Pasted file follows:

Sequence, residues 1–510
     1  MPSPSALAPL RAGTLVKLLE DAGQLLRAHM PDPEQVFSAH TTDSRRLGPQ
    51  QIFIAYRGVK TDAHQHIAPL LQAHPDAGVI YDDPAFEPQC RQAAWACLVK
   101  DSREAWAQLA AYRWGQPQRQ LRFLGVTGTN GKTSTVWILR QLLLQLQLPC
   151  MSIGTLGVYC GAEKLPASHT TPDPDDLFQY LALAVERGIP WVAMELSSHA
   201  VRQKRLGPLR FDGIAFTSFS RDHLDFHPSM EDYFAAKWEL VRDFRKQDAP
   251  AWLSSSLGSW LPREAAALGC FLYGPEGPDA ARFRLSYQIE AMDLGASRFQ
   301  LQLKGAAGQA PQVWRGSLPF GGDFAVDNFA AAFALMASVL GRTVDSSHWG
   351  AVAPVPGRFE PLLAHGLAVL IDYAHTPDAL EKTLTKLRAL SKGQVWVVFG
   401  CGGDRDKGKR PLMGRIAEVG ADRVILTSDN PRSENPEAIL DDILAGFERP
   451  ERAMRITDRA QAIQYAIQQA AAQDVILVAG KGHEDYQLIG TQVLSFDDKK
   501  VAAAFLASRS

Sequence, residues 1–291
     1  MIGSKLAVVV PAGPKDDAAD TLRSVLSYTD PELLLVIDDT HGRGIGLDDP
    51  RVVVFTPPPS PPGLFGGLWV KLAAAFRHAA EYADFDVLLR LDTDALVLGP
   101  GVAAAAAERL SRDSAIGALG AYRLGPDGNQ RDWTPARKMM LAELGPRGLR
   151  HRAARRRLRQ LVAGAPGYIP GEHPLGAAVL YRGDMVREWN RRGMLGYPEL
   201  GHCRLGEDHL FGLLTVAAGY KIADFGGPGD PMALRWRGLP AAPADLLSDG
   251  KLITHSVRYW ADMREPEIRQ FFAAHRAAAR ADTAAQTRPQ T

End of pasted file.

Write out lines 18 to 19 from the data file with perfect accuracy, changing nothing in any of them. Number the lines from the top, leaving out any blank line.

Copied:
   201  GHCRLGEDHL FGLLTVAAGY KIADFGGPGD PMALRWRGLP AAPADLLSDG
   251  KLITHSVRYW ADMREPEIRQ FFAAHRAAAR ADTAAQTRPQ T